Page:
4. Switch to Greener Cleaners.
Green cleaning products are competitively priced and can actually produce additional savings when other benefits are taken into account. Switching to green cleaners can significantly improve indoor air quality, reduce cleaning-related health problems and absenteeism, and increase productivity and morale.  There are also simple, commonsense (but often neglected) ways to reduce the need for cleaners—doormats at entranceways, for example.

Some organizations have discovered significant cost savings by switching to green cleaners as part of an overall green cleaning program. Santa Monica, California, for example, documented a five percent price savings after implementing a green cleaning program. Other organizations, including the Chicago Public School System and the states of Massachusetts, Minnesota, and Vermont also report finding green cleaners to be cost competitive. Cooperative contracts ensure that products can be purchased at a reduced cost.  U.S Communities administers contracts with companies like Zep Manufacturing Co. to provide green janitorial products at the lowest possible price.

Use the Green Cleaning Pollution Prevention Calculator to quantify the projected environmental benefits of purchasing and using "green" janitorial services and products. It is designed to forecast the environmental benefits of reducing chemical use by doing some or all pollution prevention measures typically involved in the routine interior cleaning of an office building. This tool also enables users to identify which green cleaning measures will have the greatest impact in reducing their use of hazardous chemicals and in preventing pollution.

To learn more about green cleaning options, see the Responsible Purchasing Guide for Cleaners.

5. Lighting: Switch to CFLs and LEDs.
  Compact fluorescent lamps (CFLs) may cost more initially, but they can mean big savings in a short period of time. A typical 60-watt incandescent light bulb has a retail price of about $0.60, while a 20-watt energy-saving CFL, which emits about the same amount of light, costs almost $6.00. Though payback time will vary based on initial lamp and electricity prices, a CFL usually pays for itself in five months and saves about $30 over its six or more-year lifespan.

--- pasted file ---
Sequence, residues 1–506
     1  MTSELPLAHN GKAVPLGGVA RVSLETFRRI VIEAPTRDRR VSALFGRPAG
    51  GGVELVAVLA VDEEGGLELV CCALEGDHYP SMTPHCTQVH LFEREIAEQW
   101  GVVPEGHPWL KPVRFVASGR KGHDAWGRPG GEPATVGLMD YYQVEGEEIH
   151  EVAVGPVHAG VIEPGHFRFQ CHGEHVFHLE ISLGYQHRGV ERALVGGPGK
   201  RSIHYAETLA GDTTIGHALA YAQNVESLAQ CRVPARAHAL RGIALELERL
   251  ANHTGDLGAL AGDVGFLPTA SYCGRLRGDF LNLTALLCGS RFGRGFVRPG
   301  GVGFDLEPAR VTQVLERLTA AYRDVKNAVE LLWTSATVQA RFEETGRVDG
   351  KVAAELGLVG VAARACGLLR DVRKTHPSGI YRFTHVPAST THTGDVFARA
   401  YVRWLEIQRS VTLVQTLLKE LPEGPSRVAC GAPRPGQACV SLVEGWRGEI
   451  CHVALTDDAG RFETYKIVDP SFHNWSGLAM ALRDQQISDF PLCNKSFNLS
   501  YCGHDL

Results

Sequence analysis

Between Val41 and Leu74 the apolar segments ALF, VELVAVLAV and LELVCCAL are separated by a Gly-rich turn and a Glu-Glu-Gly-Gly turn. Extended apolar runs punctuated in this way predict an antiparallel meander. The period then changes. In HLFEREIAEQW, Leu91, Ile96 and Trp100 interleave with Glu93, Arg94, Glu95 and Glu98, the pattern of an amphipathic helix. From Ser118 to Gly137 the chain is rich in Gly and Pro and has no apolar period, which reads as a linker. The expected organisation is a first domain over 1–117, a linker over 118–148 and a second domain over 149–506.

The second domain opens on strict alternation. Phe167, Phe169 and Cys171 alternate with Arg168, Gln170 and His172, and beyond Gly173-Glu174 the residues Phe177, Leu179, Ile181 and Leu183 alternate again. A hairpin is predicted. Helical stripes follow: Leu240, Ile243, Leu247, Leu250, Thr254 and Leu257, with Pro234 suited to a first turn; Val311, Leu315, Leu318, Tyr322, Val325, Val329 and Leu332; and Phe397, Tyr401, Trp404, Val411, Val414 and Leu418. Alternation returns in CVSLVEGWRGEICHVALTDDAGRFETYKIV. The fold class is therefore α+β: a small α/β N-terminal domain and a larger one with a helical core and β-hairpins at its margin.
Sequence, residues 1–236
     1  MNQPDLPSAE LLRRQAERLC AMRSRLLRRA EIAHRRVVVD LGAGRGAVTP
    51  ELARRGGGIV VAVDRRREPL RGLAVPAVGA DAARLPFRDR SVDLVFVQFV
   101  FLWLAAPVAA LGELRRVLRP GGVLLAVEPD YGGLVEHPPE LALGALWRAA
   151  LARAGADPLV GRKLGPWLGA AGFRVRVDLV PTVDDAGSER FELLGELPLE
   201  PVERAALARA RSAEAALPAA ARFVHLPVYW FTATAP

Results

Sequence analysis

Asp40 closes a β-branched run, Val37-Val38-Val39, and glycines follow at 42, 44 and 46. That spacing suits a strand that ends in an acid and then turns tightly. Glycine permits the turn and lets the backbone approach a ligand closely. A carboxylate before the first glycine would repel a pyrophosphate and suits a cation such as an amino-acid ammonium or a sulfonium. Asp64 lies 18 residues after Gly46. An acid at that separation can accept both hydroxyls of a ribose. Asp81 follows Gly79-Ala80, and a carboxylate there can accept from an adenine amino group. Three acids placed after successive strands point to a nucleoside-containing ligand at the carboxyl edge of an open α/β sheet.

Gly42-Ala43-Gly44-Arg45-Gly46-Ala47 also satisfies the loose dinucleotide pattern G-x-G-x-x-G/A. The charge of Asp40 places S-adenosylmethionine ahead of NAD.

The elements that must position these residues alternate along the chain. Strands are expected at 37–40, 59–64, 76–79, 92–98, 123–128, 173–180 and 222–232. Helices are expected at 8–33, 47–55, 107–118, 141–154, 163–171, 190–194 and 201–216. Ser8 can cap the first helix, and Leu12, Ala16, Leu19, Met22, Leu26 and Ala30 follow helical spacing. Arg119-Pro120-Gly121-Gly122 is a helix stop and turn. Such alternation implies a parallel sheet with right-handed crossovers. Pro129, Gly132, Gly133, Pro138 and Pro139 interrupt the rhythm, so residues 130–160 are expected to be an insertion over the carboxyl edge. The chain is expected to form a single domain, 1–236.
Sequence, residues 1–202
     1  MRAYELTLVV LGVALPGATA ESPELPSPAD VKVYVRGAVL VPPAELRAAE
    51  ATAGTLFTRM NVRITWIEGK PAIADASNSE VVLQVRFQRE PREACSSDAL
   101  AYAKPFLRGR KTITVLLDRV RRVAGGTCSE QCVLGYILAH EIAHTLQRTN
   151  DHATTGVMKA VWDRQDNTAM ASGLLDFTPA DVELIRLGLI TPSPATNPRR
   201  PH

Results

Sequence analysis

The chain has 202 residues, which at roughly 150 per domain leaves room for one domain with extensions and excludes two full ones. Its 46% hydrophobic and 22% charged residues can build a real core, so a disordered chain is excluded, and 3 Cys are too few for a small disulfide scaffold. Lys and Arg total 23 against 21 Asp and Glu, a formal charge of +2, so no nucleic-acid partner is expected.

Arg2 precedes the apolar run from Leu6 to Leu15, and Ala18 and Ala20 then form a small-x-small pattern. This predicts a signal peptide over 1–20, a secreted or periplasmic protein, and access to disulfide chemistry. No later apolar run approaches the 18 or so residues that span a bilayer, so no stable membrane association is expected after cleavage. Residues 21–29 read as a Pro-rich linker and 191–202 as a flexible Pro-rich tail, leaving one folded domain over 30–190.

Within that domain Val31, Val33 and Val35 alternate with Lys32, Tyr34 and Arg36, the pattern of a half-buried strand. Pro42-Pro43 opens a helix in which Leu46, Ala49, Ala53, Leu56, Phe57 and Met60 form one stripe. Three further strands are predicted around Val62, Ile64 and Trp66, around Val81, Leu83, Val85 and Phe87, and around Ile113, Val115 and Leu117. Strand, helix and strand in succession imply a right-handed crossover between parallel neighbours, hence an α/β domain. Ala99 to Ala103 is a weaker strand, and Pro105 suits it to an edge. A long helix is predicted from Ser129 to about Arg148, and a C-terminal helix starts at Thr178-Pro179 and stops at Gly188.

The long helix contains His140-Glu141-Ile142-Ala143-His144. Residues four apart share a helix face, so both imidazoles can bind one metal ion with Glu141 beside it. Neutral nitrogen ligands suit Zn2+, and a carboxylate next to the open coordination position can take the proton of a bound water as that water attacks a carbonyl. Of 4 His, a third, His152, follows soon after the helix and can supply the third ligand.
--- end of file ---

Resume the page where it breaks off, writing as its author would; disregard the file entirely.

Retrofitting lighting systems has proven to be a financial success for a number of institutions. The City of Washington, DC estimated in 2004 that it could save over 11 million KWh or nearly $700,000 annually by converting from incandescent lighting and T-12 fluorescent tubes to CFLs and T-8 fluorescent tubes. The analysis, conducted by the DC office of Contracting and Procurement, estimated that the city would save about $1.5 million over 5 years.

You can save even more energy and money by switching lights such as traffic signals, parking and street lights, and exit signs to light emitting diodes (LEDs). The U.S. Department of Energy (DOE) says the overall savings from low energy use of LED traffic signals can be 80% to 93%.  LED signals use far less energy than incandescent signals (10 to 22 Watts for LED bulbs compared to 135 Watts for incandescent bulbs), and last much longer (7 to 10 years instead of 2 years).  They also fail less frequently.

To illustrate the potential savings, the DOE website cites a case study in which the Arkansas Energy Office partnered with the Arkansas Highway and Transportation Department to help purchase 1,329 LED traffic signals and 706 LED arrow signals to be installed in 40 to 45 small communities that have one to five traffic signals. The new signals are estimated to save almost $250,000 in annual operating costs, including energy and maintenance costs. Over the life of the signals, the savings will total more than $1.2 million, more than 170% of the initial cost, with a simple payback of 2.4 years.

Calculators from ENERGY STAR and two CFL manufacturers can help you measure the impact of your institution’s lighting in terms of cost savings and mercury content.  Learn more about CFLs and lighting efficiency with the Responsible Purchasing Guide for Lighting.

Bonus tip:
Conduct an energy audit to cut electricity bills immediately. Good auditors will find savings for you in unexpected places, but some of the easiest ones include powering down office machines by using built-in energy-saving settings. Use power strips to make it easy to unplug all the devices in your office when you leave for the day.  This staunches the invisible flow of phantom energy loads. Install motion detecting light sensors so the lights go out when nobody's home.
All these tips represent quick, low-cost measures that produce immediate savings. Use the online calculators in our series of Responsible Purchasing Guides to add up the savings you can bank with each of these strategies. There is no better time to cut waste than when your budget is being cut for you. Take this credit-crunch as an opportunity to crunch some procurement savings of your own. They'll pay off today but also yield savings well into the future.